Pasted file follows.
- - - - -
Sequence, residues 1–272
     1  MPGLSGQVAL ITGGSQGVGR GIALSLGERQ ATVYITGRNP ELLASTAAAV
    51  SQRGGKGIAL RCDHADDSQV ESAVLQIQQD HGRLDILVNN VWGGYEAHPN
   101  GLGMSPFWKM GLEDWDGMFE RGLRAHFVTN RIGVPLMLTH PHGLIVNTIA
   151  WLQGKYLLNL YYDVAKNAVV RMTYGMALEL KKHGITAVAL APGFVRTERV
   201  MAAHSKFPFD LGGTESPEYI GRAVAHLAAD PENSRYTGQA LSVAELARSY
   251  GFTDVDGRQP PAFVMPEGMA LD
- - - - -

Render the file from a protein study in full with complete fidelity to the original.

Sequence, residues 1–272
     1  MPGLSGQVAL ITGGSQGVGR GIALSLGERQ ATVYITGRNP ELLASTAAAV
    51  SQRGGKGIAL RCDHADDSQV ESAVLQIQQD HGRLDILVNN VWGGYEAHPN
   101  GLGMSPFWKM GLEDWDGMFE RGLRAHFVTN RIGVPLMLTH PHGLIVNTIA
   151  WLQGKYLLNL YYDVAKNAVV RMTYGMALEL KKHGITAVAL APGFVRTERV
   201  MAAHSKFPFD LGGTESPEYI GRAVAHLAAD PENSRYTGQA LSVAELARSY
   251  GFTDVDGRQP PAFVMPEGMA LD